friends of the bride in Pennsylvania.
Mr. T. It. Murphy and his bride have
returned fiom Atlantic City.
Mrs. F. E. Everard and Miss Genevieve
"Miller are spending June with friends in
Loudoun county, Va , near Purcellville,
where 'they expect to remain during tlie
Mrs. William T. Fiatiier, Willi her Iwo
boys and cousin, Miss Do Vaughn, of
Capitol Hill, are, visiting relatives at
Silver Hill, Md.
Mr. and Mrs. W. F. Turner and Mr.
and Mrs. II. C. Lewis, of Capitol Hill, have
moved to 1812 Corcoran htreet.
Mrs. Charles C. Lancaster Is entertaining
her mother, Mrs. Samuel J. Randall, of
Philadelphia, at her homu, "Oak Terrace,"
on the Pierce Mill road.
A pleasant gathering of friends assem
bled last evening at the residence of Mrs.
II. V.. Wells, in honor of her birthday,
among tlicm being Mr .md Mrs Henry
Arnold, Mr. and Mrs. Hairy Horan, Miss
Fritseh, Mr. Haney, Mr. C. B. Jarvis.
Mr. Austin Jarvis, Mr. Eail Wells, aud
Miss Mattie Roseberry, of Indianapolis.
Mrs. McGotnas, wife of Judge L. E. Mo
Comus, and daughter, Miss Mary, have
arrived at Springfield, near Willlamsporr,
Md., to spend the summer.
Mr. nr.d Mrs. Conrad H. Syine have re
turned from a vis.lt to Senator and Mrs
Faulkner, at their home, Boydvllle.
Mr. C. G.Conn and family left yesterday
for their home in Elkhart, lad., where they
will permanently icslda
COMING TO THE THEATERS.
Manager Kernau's attraction for next
week will be the Henry Burleiue Coriu
puny. This ib one of the oldest and yet
one of the best burlesque organizations In
existence. It is fully equipped in scenery,
costumes and electric effects The in
troductory hurletta Is entitled "Pink
Dominos " This serves to Introduce the
full btrepgth of the company. The olio
which followb is made up of Miss Mull'e
Wilson, tlse electric spark; Clifford aud
Hall, tlie refined comedy duo; the O'Bn-'ii
Msters, known as the "Two Feuclws;"
Brooks and Brook,, eccentric comedians;
Billie Fnrlow. the pet of New York. Carr
aud McLeod, the musical comlques, and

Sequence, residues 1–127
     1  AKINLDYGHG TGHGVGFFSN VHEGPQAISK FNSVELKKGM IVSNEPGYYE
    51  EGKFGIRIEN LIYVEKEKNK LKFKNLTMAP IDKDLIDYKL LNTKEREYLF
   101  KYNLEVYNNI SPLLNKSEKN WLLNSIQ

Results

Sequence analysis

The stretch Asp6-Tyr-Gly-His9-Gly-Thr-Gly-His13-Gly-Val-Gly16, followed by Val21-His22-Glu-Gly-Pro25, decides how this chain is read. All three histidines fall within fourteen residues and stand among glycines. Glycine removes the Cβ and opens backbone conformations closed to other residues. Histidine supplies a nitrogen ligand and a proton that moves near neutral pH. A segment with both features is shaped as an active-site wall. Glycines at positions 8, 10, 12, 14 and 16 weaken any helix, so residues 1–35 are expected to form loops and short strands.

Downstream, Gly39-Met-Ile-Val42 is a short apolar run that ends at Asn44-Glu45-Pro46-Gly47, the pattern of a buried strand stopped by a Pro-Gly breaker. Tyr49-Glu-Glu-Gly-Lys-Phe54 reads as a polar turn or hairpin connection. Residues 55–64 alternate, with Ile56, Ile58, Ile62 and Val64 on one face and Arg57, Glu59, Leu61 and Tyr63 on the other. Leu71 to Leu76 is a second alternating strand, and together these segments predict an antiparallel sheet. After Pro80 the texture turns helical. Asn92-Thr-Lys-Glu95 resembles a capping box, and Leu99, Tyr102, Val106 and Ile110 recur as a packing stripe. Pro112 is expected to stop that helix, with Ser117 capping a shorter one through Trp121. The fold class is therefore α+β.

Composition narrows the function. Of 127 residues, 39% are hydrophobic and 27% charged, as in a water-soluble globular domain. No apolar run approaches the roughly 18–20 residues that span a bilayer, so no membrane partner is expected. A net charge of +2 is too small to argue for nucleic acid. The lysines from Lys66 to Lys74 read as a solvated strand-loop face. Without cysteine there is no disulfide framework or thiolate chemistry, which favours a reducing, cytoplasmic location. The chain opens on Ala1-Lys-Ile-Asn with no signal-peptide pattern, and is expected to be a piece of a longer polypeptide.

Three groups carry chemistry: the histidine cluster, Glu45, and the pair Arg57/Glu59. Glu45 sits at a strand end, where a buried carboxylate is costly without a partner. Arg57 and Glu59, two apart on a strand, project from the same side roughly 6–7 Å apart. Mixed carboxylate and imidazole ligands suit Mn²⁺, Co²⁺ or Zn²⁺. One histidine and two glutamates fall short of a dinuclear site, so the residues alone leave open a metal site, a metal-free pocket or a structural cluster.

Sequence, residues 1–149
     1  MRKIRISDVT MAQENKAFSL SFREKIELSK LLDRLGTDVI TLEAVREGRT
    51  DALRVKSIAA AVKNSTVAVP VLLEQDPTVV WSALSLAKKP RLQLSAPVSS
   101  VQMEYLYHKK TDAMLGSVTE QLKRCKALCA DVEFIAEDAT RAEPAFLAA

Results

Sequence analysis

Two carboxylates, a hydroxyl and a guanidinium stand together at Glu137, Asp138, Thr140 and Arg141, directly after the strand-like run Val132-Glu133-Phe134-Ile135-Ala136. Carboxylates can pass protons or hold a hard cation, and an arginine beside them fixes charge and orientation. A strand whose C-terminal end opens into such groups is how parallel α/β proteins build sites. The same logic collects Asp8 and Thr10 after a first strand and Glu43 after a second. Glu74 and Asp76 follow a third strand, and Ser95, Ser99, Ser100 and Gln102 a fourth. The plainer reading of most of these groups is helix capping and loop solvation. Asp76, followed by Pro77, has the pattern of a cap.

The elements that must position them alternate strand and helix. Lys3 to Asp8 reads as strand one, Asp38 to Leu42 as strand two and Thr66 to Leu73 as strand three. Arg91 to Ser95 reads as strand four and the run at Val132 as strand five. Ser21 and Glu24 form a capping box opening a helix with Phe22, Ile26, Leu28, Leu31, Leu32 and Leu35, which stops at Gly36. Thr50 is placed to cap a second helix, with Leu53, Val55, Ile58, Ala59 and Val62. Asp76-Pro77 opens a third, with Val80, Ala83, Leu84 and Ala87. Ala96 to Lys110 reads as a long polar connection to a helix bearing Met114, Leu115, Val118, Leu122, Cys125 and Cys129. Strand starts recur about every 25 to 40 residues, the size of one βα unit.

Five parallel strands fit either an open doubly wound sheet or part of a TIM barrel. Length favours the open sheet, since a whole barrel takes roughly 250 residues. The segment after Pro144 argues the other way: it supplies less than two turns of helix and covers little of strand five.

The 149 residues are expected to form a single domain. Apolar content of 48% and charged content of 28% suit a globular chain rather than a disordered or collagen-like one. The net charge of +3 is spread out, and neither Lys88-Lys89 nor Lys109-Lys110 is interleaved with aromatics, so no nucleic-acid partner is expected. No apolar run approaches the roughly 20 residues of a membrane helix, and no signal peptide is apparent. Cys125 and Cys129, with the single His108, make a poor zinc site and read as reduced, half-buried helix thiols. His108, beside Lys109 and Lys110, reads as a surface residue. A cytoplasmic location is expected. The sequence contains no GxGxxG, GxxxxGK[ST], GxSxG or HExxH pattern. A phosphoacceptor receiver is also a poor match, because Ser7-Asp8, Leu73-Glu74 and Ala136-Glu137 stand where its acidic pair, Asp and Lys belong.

others. The entertainment concludes with
a burlesque on a prominent New York
success entitled "An Artistic Model,"
during tht nctlon or which Kjveral novel
features will be introduced, including the
l'arbiau dance, the famous Rossard sinters
in Edihon'i- latest Iuvent'on the electric
dolls, the trick elephant Tip. who is sa'd
to be a whole show in himself, aud a
uuiquc cake-walk by a number of wiiite
Next week, at tlie Lafayette Square
Opera House, the Castle Square Opera
Company will Eing two operas at each
performance "Pinafore" and "Cavalleiia
Ruttlcaua." The story of "rinafoie" is
too well known to need itpctition. It is
coi.bldered the best of the Gilbert i.ud
Sullivan products, aud its music Is better
known than that of any opera they have
written. "The Lass Who Loved a Sailor"
has been sung in every country in the
civilized woild, and btill holds Its pits
tlge. Mascagni's "Cavallerla Rustlcana" is a
cteation that has not been equaled since
the famous Italian gave the passionate
creation to the world. Itsrudelife realism,
its wonderful pathos, the plain, straight
forward way in which the subject is
handled, make it unique in the world cf
lyrics. It requires a company above the
average to give life to its words and
weight to Its music, and no artists can
do Justice to it more fully than the mem
bers of the company who have so ably
ful.illed the promise of "popular opera
at popular prices."
Entering upon next, the fourth week of
high class vaudeville, Mr Robert Grau.the
diicctor of the Grand, will present the
greatest bill of the season this far, among
whom may lie mentioned Miss Phyllis Ran
kin, Jiiitly entitled the American Anna
Held, who has just finished an engagement
and booked for a return at Koster & Blal's
and 01ympIa,New York Miss Lizzie Evans,
the electric spark, of Fogg'n Ferry fame,
who will be assisted by the prince of
comedians. Mr. narry Mills, In the fun
niest sketch yet teen in vaudeville; Jim
Cronln, the great monologulst, late of the
firm of Scanlon and Crowln; Horwltz and